Insulin-induced Drug Eruptions and Reliability of Skin Tests

Ai-Young Lee, Won-Young Chey, Joon Choi, Jae-Seok Jeon
2002 Acta Dermato-Venereologica  
Allergic reaction to insulin preparations seemed to have insulin preparations are virtually free of protein contaminants, which has undoubtedly contributed to the decreased since the introduction of contaminant-free , human preparations. The role of protamine sulfate in decreasing prevalence of insulin allergies caused by insulin-related protein and contaminants (2-4). decreasing the prevalence of allergy is unclear. This study examines the causative components of insulin allergy However, puri
more » ... ergy However, puri ed preparations still contain additives, and insulin allergies caused by the additives, especially along with the value of skin tests for diagnosis. Eleven patients with insulin allergy and 53 patients receiving protamine sulfate, still occur. Allergic reactions to insulin preparations are freinsulin but without an insulin allergy were included as controls. Intradermal skin tests were conducted using quently local, and although IgE-mediated anaphylaxi s is uncommon, it is the most serious problem. preparations containing various concentrations of insulin [Neutral protamine Hagedorn (NPH ) insulin, regular Granulomatous (5) and nodular (6) reactions have also been rarely documented. insulin (RI )] and protamine sulfate. Of the 11 patients studied, 3 had anaphylaxis and 8 displayed localized We experienced 3 cases of anaphylaxis and 8 of localized adverse reactions to insulin preparations. reactions. All of the patients reacted positively during skin testing. Five patients showed positive intradermal Although no accurate methods have been described for diagnosis in medical publications, we conducted skin skin test reactions to protamine sulfate, and 4 reacted to insulin. Two patients that were not tested with protamine tests for this purpose. Fifty-three controls were tested to evaluate the value of the skin tests. The clinical sulfate reacted positively to NPH insulin. In the case of protamine sulfate, 4 patients with localized symptoms manifestations, the results of skin tests, and the causes of the insulin allergies are described. displayed positive reactions at concentrations of 10 mg/ml, 3 mg/ml or 0.3 mg/ml. One patient with anaphylaxis reacted positively to a concentration as low as 0.03 ng/ml. MATERIAL AND METHODS In the case of insulin protein, 3 patients reacted positively to a 100-fold dilution (1 UI/ml ). Eight of the 53 controls Subjects experienced pruritus and/or skin lesions. However, none Eleven patients (6 males and 5 females; aged 32-72 years, of the controls reacted at a concentration of NPH insulin average 53 years) with allergy-suspected symptoms after the of less than 10 U/ml or to protamine sulfate at less than injection of insulin preparations were studied ( Table I ) . The 30 mg/ml. Allergic reactions to protamine sulfate are mean duration of diabetes mellitus (DM ) was 11 years. The common and should not be ignored. This study shows a patients had been treated with insulin preparations (continu-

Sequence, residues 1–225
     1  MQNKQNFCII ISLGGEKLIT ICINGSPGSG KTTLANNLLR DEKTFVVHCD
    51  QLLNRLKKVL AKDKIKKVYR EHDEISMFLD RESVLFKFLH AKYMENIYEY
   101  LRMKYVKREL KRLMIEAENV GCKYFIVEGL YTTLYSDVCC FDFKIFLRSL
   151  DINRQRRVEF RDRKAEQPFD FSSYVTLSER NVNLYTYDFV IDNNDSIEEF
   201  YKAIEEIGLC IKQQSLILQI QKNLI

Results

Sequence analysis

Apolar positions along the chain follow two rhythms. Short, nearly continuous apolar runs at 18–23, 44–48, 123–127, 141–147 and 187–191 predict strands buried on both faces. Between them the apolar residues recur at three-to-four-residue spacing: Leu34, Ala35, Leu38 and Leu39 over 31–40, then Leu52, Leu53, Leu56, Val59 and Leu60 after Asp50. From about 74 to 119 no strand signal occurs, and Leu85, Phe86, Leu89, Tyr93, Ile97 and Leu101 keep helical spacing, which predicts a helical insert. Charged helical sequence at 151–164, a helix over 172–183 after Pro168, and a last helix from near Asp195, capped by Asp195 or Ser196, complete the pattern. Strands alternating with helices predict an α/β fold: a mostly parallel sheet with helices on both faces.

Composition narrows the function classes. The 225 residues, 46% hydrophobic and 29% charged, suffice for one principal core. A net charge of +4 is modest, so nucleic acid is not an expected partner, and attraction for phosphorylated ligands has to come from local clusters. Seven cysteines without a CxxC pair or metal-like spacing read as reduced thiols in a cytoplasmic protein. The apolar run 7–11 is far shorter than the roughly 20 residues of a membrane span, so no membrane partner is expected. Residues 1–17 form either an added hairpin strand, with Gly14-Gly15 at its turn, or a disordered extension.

doi:10.1080/00015550252948149 pmid:12125938 fatcat:ndd73mjukzdcrb4heglqi5hhoq